I got my annual physical and flu shot again …

One thing I always look forward to after my fast and annual blood work is having a lovely breakfast at the Corner Bakery across the street from the hospital. They have wonderful coffee and make a super bacon-egg-cheese sandwich.

I got my blood drawn and headed down to the Corner Bakery. No luck. Apparently, it became another casualty of the pandemic. Closed.

As this is the heart of the city, I went to a hotel and felt lucky to find that they also made a bacon-egg-cheese sandwich. Of course, because it was a hotel, the sandwich was twice as big and cost more than double, too. Nonetheless, it tasted incredible in my food deprived state.

I went back to the hospital after breakfast and saw my doctor. Despite the fact that I got my first two Covid shots from the hospital, they weren’t offering a booster yet. I asked my doctor if it would be a problem if besides getting my flu shot that day, I could also get a Covid shot at CVS. She said – no problem. I did just that. Actually, both shots on the same shoulder. I suffered no ill effects later.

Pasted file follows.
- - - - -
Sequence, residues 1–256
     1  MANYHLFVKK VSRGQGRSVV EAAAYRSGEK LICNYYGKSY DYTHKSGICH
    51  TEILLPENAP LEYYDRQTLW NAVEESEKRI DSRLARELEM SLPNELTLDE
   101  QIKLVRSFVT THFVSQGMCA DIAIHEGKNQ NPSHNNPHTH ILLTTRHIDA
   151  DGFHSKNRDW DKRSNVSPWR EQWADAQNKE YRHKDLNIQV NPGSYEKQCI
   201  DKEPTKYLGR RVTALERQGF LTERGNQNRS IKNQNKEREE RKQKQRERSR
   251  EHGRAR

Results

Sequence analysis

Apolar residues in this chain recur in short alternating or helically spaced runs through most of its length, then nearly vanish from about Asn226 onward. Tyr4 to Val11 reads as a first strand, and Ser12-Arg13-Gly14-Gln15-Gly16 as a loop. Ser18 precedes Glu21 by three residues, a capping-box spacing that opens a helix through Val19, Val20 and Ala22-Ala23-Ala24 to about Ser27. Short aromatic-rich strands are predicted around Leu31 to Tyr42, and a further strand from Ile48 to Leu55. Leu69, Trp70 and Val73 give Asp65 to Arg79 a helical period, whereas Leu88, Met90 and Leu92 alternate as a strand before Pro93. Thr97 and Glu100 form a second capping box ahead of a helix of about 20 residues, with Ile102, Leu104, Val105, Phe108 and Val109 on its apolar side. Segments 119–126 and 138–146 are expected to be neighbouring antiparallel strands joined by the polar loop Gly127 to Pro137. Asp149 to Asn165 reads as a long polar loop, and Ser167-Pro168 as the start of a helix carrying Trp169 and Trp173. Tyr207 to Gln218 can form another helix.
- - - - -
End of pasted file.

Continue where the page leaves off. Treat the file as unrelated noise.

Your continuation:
My physical went well, no unpleasant surprises.

Here is an abbreviated chart of my bloodwork:

For the record, I take no drugs at this time. My resting heart rate is around 45 beats per minute, probably a result of my daily bike riding.

So far, so good, I am in my 81st year and going strong.

Because I write that you should get a flu shot every year, I realize that some people are resistant to it. However, there may be more reason than ever to get one this year.

Here’s what the Wall Street Journal says, “Covid-19 precautions suppressed flu cases last year, but public-health officials expect the flu to return this season. Lower lingering protection from fewer flu cases last year and higher levels of other viruses this year both signal the potential for a tough flu season….

“Flu immunity comes in two ways: through natural infection and through vaccines. Because there was so little flu last year, fewer people than usual have protection from infections last season. “There was essentially no infection last year to boost natural immunity, so we are relying on whatever natural immunity was pre-Covid,” says Richard Zimmerman, an infectious-disease epidemiologist and professor at the University of Pittsburgh, who works on flu modeling.

“Dr. Zimmerman says models that he and the university’s public-health dynamics lab published in two non-peer reviewed preprints predict a surge in flu cases this season with at least 100,000 more hospitalizations than normal.”


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